Currently, the terms of gubernatorial debates and whether or not they happen are largely dictated by the front-runner. Conventional wisdom says debates are more likely to help the challenger or the candidate who is behind in the polls.
It's true there were plenty of debates before the June primary, including a televised debate in San Jose with the six top-polling candidates for governor. But that's not the same as a one-on-one matchup, where it's harder to skate under the radar.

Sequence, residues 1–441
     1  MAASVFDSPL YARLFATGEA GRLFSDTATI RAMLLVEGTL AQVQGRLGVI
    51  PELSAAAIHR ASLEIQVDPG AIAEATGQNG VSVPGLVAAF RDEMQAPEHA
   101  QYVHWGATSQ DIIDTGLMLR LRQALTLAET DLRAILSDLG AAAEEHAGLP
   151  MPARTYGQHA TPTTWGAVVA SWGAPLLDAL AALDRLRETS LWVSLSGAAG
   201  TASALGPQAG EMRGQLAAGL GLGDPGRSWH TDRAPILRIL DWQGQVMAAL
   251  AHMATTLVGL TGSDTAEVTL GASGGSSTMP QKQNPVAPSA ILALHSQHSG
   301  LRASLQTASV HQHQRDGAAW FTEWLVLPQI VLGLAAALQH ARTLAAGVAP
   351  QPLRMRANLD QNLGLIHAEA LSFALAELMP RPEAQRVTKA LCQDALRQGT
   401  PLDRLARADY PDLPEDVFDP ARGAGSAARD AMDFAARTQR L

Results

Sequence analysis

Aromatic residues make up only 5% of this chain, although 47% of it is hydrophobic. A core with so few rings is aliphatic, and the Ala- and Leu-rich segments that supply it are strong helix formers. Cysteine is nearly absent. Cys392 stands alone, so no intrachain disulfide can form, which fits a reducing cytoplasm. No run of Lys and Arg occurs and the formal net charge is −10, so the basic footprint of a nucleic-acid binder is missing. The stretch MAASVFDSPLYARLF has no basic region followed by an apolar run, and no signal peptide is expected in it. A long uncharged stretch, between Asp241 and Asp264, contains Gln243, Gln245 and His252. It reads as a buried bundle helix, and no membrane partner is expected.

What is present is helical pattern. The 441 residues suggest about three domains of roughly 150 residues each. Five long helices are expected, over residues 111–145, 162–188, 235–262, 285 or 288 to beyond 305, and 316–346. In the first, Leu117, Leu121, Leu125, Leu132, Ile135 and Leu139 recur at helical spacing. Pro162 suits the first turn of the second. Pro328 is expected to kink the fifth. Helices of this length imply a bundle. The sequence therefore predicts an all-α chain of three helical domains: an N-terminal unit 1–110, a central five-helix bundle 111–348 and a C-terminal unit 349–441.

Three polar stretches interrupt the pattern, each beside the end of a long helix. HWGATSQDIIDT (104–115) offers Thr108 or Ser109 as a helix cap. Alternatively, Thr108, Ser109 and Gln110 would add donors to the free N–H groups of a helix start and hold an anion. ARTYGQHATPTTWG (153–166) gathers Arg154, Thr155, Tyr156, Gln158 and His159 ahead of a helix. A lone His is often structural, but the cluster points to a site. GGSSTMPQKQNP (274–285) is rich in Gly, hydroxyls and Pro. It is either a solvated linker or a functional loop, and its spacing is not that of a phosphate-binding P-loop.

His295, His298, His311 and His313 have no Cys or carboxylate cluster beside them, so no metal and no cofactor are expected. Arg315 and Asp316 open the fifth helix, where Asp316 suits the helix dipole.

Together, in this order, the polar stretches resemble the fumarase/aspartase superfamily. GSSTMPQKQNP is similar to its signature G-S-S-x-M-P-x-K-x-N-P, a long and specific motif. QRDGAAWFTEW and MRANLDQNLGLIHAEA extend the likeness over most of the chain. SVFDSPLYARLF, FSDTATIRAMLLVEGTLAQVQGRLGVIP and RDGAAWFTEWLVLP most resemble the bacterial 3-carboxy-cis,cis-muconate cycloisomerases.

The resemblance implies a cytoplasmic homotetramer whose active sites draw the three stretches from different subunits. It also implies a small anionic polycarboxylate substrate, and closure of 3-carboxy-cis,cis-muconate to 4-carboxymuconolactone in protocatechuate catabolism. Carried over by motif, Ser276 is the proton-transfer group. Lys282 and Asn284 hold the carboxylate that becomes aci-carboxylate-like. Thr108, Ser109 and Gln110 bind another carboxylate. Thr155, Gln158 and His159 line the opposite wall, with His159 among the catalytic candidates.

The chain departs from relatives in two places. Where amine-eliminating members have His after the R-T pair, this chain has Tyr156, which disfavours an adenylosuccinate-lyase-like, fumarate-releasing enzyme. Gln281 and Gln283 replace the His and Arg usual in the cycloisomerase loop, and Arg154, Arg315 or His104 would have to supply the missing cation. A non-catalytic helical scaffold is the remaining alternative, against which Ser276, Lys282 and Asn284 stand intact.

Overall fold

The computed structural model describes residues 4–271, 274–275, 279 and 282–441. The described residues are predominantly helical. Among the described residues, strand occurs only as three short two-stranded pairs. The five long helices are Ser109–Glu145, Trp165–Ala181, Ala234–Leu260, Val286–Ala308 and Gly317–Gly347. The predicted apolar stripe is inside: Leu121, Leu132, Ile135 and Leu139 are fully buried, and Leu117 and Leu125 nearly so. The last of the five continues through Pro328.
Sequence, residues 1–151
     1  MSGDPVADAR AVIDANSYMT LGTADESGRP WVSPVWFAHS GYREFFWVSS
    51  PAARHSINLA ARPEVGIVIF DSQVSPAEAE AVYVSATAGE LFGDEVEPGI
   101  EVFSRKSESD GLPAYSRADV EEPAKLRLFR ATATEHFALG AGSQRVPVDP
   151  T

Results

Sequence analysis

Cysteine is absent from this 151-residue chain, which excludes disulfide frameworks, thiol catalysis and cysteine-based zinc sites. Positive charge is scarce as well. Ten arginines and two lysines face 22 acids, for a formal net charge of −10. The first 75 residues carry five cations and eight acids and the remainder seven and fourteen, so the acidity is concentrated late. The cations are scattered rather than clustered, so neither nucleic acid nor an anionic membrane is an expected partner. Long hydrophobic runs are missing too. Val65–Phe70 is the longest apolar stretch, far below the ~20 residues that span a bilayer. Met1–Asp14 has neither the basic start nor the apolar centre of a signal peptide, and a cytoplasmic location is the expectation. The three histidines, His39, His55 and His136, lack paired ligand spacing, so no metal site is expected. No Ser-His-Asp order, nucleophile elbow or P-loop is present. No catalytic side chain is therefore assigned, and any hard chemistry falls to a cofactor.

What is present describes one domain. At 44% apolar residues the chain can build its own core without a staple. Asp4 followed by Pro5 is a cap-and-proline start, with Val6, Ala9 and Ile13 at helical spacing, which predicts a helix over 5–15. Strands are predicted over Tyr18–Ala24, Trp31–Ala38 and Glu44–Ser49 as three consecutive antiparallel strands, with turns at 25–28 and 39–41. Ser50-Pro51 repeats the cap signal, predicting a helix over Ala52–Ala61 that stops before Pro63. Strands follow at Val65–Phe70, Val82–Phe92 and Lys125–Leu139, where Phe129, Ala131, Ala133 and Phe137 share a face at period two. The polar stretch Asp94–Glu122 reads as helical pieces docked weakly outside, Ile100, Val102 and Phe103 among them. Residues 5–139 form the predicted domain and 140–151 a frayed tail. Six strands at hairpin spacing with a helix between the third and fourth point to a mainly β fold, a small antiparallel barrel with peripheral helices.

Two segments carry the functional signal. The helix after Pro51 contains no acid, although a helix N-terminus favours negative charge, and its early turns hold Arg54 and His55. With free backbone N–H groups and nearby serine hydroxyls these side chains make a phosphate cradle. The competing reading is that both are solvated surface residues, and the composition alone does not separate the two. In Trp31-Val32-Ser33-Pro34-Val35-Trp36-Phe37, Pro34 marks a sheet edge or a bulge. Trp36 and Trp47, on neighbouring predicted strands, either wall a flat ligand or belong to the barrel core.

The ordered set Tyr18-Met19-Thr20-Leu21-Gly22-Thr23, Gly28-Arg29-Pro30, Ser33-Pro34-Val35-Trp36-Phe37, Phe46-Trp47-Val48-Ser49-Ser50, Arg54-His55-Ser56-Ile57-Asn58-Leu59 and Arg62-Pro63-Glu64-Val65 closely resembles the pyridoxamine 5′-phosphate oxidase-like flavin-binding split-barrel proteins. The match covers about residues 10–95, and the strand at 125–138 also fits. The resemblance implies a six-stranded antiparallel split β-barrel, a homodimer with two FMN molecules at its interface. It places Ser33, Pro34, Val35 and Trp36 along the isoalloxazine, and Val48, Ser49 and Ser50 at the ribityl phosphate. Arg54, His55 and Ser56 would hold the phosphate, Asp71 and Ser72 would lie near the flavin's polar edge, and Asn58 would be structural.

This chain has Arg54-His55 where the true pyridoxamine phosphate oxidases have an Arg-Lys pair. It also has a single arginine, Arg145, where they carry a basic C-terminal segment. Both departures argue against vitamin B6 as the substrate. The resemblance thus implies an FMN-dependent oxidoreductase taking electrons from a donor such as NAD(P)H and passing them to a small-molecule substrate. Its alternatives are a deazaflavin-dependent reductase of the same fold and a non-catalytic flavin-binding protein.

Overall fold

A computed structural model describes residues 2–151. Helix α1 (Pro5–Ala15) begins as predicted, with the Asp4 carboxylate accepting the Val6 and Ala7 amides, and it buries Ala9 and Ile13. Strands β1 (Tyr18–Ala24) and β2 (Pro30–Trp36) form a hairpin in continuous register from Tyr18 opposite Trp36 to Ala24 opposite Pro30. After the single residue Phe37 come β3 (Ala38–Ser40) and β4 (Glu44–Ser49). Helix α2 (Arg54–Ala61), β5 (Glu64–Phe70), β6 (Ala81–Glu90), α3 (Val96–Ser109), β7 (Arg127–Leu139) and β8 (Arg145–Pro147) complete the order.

"The most important thing about debates is that it gets people on the record making commitments before they’re elected," said Kim Alexander, president of the California Voter Foundation. "It isn’t so much that every registered voter will watch the debate, but rather you have a public record of what they say they'll do if they win."
While debates might not increase voter turnout, at least they would help publicize the fact that an election is happening and who's running, Alexander said. (full story)